People who say their lives are made a misery by gulls say government restrictions on controlling them are based on inaccurate data.
Some residents in Bath say they are blighted by the noisy birds.
New rules were introduced last year, making it harder for local authorities to get licences to control numbers.
Natural England said the gull population was in decline. However, there are claims the data is out of date and does not apply to urban areas.
Marian Spain, the chief executive of Natural England, which gives out control licences, said: "Populations of herring gulls and lesser black-backed gulls have declined significantly in recent years to the extent that they are now both considered at risk.
"It's essential that we do all we can to reverse this worrying trend."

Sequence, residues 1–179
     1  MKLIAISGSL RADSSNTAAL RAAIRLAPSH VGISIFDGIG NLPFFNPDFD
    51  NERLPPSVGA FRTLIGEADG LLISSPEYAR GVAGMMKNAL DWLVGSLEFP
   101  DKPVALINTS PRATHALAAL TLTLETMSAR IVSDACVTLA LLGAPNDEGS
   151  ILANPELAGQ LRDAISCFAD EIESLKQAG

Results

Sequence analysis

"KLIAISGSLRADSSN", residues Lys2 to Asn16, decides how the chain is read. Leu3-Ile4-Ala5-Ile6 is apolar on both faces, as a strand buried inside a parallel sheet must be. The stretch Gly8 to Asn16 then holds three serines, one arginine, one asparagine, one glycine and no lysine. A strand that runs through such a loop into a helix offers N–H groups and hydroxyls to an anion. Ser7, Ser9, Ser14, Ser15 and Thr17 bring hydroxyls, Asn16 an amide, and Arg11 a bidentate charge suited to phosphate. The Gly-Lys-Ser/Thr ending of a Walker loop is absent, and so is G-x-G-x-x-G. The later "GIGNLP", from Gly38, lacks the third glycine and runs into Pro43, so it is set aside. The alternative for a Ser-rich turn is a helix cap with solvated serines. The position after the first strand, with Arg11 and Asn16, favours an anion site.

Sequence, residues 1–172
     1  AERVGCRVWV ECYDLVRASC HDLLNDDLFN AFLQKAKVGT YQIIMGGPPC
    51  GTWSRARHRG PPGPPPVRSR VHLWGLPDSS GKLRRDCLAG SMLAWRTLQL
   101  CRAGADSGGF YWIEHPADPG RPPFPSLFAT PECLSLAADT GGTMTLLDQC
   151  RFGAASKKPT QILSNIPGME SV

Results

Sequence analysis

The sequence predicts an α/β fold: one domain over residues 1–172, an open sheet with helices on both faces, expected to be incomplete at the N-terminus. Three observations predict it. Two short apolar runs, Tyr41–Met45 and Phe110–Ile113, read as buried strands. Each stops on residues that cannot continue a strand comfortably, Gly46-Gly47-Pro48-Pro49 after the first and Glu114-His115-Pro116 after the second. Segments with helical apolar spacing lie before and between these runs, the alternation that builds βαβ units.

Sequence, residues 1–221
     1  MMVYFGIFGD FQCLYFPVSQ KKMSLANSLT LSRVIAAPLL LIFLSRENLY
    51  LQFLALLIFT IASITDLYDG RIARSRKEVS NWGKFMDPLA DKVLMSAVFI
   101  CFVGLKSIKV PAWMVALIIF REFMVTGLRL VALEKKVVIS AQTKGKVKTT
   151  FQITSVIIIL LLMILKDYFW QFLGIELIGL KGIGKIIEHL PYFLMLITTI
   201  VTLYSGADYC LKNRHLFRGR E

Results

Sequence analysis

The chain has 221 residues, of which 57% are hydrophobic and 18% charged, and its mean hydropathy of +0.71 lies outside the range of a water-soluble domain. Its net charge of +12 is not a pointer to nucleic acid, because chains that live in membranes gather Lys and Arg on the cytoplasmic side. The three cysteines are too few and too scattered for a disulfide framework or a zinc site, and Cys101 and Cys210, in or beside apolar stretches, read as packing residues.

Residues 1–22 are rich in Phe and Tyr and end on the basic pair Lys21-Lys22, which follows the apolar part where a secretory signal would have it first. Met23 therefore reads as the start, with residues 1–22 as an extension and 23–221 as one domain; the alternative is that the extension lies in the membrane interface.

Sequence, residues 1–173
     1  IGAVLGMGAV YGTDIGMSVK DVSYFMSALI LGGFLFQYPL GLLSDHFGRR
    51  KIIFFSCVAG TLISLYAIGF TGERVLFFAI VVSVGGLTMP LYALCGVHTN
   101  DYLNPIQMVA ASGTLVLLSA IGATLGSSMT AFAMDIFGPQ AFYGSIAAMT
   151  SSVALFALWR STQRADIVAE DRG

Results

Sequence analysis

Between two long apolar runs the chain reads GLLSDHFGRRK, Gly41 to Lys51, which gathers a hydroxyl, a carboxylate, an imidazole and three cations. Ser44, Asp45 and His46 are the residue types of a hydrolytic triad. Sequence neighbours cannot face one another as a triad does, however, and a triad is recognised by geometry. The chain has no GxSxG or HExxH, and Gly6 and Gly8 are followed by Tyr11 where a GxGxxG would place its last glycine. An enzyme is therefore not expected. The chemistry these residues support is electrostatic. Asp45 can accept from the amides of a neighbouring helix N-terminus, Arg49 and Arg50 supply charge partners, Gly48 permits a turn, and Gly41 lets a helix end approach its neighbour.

Tim Newark, who has been campaigning on the issue for the past three years, said people living in the centre of the city "dare not go out in their gardens", and get woken up "at five o'clock in the morning every day" due to the "constant noise and constant swooping" of the gulls.
"It doesn't make living in Bath much fun."
He said figures given by Natural England for the size of the gull population "used poor, out-of-date data, based purely on coastal populations of gulls".
"We know, since this survey was done in 2000, the population of gulls in towns has boomed."
Paul Crossley, from Bath and North East Somerset (Banes) Council, said the new rules were "frustrating" and will "increase bureaucracy".
He said the changes meant the authority will now have to wait to see where a nest is being built before action can be taken, and contracts to control numbers no longer cover the whole city centre.
"It's going to make it very difficult for us next year."
A Defra spokesperson said the "approach to control urban gulls" would be reviewed in the autumn, using "results of a survey undertaken this year to assess whether growth in urban populations of gulls balances rural declines".